News as Food

by July 11, 2008

by Vince Thomas

If the news and information we consume is to be likened to food or a meal, then what kind of food is sports news? Your local news is nutritious and essential. You need to know what’s going where you live. Otherwise, you’re a redhead coed, walking home from the train at night, totally oblivious that the Ice Truck Killer is preying on redhead coed’s walking home from the train at night. Our local news is like vegetables or that nondescript salad you prepare on Tuesday evening. It’s boring, a little bitter, but it’s good for you. Our national news is more grandiose, more weighty, more exciting. There are high-priced chefs that cook up the news and the servers that deliver it in glitzier, better-produced entrees. Watching 60 Minutes or MSNBC’s Countdown is akin to takeout from a good restaurant.

So let’s say a day of reading the local newspaper and then watching the six and 11 o’clock local news is like, say, a well-balanced bag lunch and pedestrian, but nutritious, home cooked dinner; and a day spent reading the New York Times (for non New Yorkers), then watching evening cable news shows is like lunch from Au Bon Pain and takeout dinner from your local upscale diner. Well, then a day of ESPN and SI and FoxSports and that lot would be pizza for lunch, pizza for dinner and beer interspersed throughout. Which is cool. That won’t kill you — immediately — and it’ll probably nourish you. This would make a day of OK! and US magazines and TV tabloid shows like eating Starbursts all day.

I am all about exploring and dissecting the times when sports has social, economic, political and/or cultural impact and when those elements impact the way our games are played, leagues operate and/or players behave. But sometimes, things gets even too stupid and trifling for sports. It turns into tabloid journalism that stoops below the trifled level of “sports tabloid journalism” to the bush-league depths of “entertainment tabloid gossip.”

Here’s dumb: Me scrolling the hyperlinked headlines on my blackberry and seeing “Sources: Favre sends text message to Packers GM.” What in the heezy?! There was actually a good deal of reporting that went into nabbing this kind of factoid. But how incremental are we going to get with issues that we deem to be true news? As tired as I am of Farve, there are aspects of his tenuous retirement that are fascinating and telling, they offer insight into the psyche of HOF athletes and their inabilities to “give it up”; and his relationship with Green Bay smacks of the stuff you see in religious cults. What I don’t need to consume, is any information about text messages he sends to Thompson, unless it’s in a more substantial report about his comeback. It is news for Detroit Mayor Kwame Kilpatrick to be using a publicly financed, business phone to text sex-messages to fellow city officials. It is not news for Farve to text Ted Thompson. That, my friends, is half-box of Mike And Ikes.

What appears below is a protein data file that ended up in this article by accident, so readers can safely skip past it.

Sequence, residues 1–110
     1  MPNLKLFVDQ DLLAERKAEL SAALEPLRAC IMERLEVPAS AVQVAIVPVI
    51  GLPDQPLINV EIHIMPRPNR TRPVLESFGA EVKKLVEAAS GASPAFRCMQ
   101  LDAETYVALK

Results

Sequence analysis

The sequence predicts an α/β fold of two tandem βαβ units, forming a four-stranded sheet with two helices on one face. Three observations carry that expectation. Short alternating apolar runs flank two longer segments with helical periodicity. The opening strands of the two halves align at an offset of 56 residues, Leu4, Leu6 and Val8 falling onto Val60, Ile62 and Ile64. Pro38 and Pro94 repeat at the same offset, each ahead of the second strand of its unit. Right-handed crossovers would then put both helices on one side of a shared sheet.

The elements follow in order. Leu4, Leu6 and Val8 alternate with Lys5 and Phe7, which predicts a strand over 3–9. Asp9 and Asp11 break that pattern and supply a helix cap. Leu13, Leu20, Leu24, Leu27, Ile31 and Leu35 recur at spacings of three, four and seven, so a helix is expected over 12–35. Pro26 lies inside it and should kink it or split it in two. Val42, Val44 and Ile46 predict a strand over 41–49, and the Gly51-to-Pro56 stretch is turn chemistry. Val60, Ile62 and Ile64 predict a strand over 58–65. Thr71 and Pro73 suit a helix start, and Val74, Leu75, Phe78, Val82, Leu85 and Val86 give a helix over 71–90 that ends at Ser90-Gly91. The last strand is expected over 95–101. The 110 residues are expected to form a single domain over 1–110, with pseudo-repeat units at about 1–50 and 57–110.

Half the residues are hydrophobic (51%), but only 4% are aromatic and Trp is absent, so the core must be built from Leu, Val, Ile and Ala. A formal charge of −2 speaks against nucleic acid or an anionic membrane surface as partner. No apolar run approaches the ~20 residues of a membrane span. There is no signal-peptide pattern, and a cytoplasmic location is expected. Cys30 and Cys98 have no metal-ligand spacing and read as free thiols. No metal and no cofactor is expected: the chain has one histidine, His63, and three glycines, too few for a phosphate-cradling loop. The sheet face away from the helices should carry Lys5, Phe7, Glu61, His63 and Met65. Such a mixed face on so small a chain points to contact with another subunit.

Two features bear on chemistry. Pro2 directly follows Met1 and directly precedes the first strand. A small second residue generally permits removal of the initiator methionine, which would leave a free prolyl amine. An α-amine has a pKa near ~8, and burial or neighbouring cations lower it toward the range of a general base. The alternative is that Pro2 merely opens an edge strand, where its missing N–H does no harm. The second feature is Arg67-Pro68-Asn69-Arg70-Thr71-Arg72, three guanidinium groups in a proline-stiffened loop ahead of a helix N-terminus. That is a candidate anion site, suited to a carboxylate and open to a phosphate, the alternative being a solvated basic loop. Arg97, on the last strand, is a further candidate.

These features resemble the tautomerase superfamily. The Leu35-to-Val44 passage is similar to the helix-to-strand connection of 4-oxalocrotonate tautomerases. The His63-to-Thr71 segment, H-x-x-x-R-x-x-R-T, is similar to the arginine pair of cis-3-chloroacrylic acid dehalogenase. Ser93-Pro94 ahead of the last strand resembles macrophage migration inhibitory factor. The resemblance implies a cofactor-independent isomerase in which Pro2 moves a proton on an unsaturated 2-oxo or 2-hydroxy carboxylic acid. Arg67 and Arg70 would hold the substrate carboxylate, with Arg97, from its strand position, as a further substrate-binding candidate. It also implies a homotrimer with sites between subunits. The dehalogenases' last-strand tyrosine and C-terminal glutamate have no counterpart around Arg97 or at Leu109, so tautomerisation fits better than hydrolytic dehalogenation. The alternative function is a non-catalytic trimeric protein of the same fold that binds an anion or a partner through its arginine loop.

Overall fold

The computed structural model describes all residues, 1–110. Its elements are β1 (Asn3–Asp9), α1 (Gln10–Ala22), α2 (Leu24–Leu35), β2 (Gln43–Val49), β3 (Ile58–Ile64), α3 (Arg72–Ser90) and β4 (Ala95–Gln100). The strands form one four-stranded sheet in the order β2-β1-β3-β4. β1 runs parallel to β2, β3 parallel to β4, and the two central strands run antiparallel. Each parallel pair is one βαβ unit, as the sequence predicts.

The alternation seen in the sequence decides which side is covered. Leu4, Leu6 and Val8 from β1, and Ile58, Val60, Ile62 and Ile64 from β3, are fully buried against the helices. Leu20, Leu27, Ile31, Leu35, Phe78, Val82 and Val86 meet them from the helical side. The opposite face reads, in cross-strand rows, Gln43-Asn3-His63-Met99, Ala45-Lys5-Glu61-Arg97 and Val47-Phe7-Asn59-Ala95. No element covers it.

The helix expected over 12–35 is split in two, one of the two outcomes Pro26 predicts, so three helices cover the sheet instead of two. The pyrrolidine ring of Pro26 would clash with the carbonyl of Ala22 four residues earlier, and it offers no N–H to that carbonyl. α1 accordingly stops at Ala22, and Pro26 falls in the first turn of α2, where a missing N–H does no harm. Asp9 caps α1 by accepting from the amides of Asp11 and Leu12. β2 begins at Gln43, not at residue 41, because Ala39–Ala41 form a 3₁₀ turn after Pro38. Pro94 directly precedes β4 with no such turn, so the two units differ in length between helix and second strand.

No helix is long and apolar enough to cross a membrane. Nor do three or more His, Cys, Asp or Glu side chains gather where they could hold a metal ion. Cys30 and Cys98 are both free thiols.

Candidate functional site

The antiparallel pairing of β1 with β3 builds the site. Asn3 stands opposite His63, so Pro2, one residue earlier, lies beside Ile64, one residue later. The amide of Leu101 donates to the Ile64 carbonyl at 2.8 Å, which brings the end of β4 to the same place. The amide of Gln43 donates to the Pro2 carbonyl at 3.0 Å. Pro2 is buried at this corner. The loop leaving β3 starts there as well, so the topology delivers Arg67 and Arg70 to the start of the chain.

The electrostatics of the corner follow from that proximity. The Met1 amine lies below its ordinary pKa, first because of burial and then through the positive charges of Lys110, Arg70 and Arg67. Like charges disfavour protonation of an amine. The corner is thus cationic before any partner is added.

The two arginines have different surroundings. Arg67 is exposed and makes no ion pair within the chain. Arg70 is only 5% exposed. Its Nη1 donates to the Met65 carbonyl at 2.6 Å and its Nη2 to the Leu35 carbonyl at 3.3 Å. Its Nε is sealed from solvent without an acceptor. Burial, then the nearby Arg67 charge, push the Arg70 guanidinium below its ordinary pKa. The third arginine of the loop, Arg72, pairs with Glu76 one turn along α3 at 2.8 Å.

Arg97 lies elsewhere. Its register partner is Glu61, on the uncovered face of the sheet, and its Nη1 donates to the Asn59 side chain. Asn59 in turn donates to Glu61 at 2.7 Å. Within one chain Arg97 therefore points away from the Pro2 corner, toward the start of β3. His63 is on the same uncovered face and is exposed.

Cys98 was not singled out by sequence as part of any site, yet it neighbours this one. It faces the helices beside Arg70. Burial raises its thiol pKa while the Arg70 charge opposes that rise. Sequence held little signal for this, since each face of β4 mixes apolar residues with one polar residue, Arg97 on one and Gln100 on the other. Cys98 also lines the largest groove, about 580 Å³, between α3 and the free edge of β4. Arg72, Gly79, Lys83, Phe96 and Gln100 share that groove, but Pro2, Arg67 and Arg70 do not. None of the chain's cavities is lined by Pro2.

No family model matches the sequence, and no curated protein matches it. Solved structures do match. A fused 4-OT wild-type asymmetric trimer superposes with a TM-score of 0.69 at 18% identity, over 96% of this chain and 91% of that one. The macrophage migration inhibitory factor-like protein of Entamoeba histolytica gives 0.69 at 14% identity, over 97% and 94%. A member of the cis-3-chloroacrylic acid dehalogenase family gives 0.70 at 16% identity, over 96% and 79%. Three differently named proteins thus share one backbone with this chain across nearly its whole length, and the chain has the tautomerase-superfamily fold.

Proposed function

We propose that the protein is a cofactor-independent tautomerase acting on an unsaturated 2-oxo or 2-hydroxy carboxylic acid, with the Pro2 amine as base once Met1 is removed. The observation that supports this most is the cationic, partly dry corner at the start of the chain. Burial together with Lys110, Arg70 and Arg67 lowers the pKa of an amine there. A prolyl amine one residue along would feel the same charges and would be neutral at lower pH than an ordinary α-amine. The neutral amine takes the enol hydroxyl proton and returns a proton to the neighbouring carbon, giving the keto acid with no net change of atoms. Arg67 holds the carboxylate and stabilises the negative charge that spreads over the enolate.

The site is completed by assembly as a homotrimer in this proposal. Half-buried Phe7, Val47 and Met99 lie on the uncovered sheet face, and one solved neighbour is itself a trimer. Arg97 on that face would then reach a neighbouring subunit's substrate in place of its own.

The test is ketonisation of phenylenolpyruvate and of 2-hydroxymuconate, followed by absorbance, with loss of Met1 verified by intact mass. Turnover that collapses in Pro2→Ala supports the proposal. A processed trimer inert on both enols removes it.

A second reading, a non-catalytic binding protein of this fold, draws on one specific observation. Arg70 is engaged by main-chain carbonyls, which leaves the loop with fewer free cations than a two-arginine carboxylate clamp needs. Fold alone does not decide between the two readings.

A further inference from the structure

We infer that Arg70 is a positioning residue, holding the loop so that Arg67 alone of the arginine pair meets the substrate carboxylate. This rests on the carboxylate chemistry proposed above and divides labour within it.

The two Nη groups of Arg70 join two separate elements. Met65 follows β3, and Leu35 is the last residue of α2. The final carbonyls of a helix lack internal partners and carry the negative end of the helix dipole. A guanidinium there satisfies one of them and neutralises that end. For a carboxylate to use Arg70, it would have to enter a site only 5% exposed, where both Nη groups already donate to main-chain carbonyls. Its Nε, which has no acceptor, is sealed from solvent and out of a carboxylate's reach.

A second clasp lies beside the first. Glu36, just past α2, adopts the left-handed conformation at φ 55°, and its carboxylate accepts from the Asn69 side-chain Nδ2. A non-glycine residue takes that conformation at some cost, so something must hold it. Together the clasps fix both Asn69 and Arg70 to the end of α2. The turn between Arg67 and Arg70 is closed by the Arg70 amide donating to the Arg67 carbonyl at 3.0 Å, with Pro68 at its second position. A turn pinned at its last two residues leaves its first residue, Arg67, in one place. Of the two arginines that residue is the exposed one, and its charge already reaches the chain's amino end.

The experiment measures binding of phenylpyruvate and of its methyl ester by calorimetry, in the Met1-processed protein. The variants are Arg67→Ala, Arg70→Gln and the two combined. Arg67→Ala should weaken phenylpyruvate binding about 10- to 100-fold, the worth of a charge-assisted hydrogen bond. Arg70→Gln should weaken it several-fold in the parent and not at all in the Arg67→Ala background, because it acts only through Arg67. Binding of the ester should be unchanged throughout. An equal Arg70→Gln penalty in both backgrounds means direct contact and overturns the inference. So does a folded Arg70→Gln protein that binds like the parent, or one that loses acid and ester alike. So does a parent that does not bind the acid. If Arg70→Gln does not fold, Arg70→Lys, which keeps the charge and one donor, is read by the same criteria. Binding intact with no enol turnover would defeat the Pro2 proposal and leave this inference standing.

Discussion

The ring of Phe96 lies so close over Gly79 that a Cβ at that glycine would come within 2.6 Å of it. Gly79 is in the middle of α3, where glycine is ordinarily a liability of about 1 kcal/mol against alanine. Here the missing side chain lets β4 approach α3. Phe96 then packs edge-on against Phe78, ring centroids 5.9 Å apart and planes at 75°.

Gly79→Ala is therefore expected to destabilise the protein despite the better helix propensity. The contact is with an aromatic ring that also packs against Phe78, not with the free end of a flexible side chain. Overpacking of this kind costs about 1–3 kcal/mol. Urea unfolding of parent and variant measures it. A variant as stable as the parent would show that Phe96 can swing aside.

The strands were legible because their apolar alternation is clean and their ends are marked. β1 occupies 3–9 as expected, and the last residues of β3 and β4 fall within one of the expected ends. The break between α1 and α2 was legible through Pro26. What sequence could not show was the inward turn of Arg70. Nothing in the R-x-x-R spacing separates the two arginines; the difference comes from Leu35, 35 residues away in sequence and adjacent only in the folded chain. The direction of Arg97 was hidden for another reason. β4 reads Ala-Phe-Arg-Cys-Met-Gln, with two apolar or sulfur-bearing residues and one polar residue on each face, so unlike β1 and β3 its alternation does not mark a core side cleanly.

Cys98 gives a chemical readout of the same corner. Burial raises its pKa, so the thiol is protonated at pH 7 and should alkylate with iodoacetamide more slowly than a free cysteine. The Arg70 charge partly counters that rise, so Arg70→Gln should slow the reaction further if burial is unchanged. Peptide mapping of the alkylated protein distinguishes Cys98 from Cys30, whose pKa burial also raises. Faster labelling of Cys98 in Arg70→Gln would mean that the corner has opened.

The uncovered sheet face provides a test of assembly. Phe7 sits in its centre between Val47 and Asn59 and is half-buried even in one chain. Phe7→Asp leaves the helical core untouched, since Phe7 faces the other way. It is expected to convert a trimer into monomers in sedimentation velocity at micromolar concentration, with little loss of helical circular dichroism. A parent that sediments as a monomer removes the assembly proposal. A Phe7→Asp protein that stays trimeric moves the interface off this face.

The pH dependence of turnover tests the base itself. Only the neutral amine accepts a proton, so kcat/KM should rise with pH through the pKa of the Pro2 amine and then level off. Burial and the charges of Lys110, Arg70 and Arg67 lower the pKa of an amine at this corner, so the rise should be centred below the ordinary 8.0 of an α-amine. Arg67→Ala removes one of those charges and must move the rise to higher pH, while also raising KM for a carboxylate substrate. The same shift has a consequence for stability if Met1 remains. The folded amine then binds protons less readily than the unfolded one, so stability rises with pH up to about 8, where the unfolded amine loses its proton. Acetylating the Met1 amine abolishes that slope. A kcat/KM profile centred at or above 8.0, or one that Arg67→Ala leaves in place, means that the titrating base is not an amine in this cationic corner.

Here’s trifling: The recent uproar about A-Rod’s alleged affair with Madonna. I was watching CNN the other day when Anderson Cooper told me to (I’m paraphrasing) “Stay tuned for Larry King, who will have full coverage of the A-Rod scandal.” Then Lar appeared on my tube, hunched over his desk, calling it “perhaps, the biggest tabloid story of the year.” Needless to say, that bag of Funyuns didn’t interest me, so I found something else to eat.

It’s funny, but, players’ salaries used to be tabloidish fodder. In the 90s, when rookies, like LJ, were grabbing big contracts out of college and cats like Juwan Howard and Alonzo Mourning — or Ken Griffey Jr. and Albert Belle — were signing $100M contracts, people (fans, columnists, haters) used to really go berserk. The outrage contrasted the relative ambivalence toward movie stars making $20M per film and the escalating salaries of CEOs that were sending America’s blue collar gigs overseas. During the NBA summers, there was more talk about contract figures than team compositions and potential playoff-jostling. It was like eating a plate full of greasy pepperonis instead of the actual slice of pizza. But today? Within the past few days, players have signed or agreed to contracts worth almost a collective half-billion dollars. Thankfully, none of the summer coverage has degraded to the candy levels. Even when Brand bolted L.A. for Philly for 10 extra mill, the two stories that seemed to rise above the rest were: 1.) A ridiculous Clippers Curse; and 2.) Brand’s disloyalty — not the dough. And much of what I read and heard was more interested in exploring those stories’ poignancies, like this piece, as opposed to just giving me the Gummi Worm tripe and schoolgirl blah-blah.

We’re coming up on the Olympics, where the family of NBC networks plan to offer us 24-hour coverage. We tend to get a wide array of food during the Olympics, since it is so much more than a collection of sports contests. But I shudder to think of what I’ll be consuming as they try to ration the real food by pumping us with the junk food. The moment NBC hits me with some Skittles about an archer that shared a kiss with a fencer, I’m changing the channel to MSNBC. And if MSNBC telling me about Kobe’s trip to see the Great Wall with his daughters, then I’m switching CNBC, where, hopefully, I’ll be able to watch Allyson Felix, in the 200M, from behind, in slo-mo. I could tell what kind of meal that is, but I’ll digress.

Vincent Thomas an online columnist and magazine writer for SLAM.